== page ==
Bow Valley Rock Climbing
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|Shared By:||Sandro on Dec 4, 2006|
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For the trad, as the Bugs are so close, most true alpinists will spend some time there. The trad lines in the rockies tend to be chossy and scary at times but the use of modern bolting has made it quite safe on most rock types. The crown jewel of trad climbing, Yamnuska, is a venue where you can try old-school hard-man routes or new gen 'modern' routes that are complete with many bolts on the blank limestone sections. Other worthy Alpine routes will sure include Mt. Lockheed, the Ship's Prow, Mt. Temple (Banff), Sir Douglas, Edith Cavell (Jasper) the Rundle Traverse (Some in Banff), The Fold and Joy (Kananaskis), to name a couple.
You may have heard that there are giant sport climbing routes, too. Among them, Sisyphus Summits 10d 500m is the biggest to date and was established with some controversy. It resides on Ha Ling, the prominence attached to Mt Lawrence Grassi. There is also 200m-400m+ lines on EEOR, Guides Rock (Cory, in Banff), Nanny Goat, Kid Goat, Canmore Wall and Bourgeau (Banff).
If you are looking to pull down without the risk of rockfall and prefer short routes, look no further to the array of sport climbing found in most drainages, cliff bands or canyons. Cougar Canyon, Heart Canyon, Barrier Bluffs, Grassi Lakes and Grotto Canyon all host a good mix of hard and easy routes for those who are starting or getting better.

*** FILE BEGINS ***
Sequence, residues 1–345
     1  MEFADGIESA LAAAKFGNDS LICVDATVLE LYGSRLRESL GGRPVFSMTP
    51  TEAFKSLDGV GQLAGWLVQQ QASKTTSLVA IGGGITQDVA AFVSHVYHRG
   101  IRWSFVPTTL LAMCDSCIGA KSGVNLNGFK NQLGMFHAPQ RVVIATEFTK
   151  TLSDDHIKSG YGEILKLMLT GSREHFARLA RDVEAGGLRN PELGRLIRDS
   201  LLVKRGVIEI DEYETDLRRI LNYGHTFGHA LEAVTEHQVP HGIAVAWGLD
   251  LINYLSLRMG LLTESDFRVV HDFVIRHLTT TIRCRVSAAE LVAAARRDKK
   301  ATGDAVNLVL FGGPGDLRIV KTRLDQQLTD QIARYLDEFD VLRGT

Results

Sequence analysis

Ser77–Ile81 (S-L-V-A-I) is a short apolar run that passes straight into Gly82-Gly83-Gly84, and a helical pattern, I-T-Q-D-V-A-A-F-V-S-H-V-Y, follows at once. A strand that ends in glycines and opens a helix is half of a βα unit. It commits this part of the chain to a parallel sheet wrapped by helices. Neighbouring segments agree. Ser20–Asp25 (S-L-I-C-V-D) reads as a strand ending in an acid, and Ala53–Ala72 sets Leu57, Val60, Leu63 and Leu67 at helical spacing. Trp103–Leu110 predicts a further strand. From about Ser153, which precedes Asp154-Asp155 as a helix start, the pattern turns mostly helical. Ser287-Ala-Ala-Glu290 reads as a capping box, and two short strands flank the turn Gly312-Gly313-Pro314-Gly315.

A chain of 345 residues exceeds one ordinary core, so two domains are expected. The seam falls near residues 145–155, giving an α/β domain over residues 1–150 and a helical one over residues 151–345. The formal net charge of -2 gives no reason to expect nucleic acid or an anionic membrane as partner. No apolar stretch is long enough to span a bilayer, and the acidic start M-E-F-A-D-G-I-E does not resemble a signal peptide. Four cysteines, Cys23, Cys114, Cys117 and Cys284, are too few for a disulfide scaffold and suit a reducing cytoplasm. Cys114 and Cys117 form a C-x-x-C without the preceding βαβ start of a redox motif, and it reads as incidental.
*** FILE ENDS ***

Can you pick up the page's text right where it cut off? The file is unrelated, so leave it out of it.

Acephale, Planet X (Cougar), Echo and Bataan all have a harder mix of climbing that requires at least 10a climbing to have fun (11+ at Acephale) but all host incredible stone. You can also find a number of less travelled areas such as Carrot Creek or Raven's Crag which both have excellent climbing and provide some relief in the busy months.
The rock season is short (April-October) in most years, but fortunately the Bow Valley also has world-class ice climbing in the winter. Some ice climbs begin forming as early as October and the ice season can last well into April if the temperature is cool up high (more so in the parks). For a more detailed look at conditions, consult Will Gadd's website: Grav Sports Ice Forum
There are many guidebooks on any type of adventure, be it alpine, trad, sport or ice/mixed, you can find what you desire in each book (see guidebook section).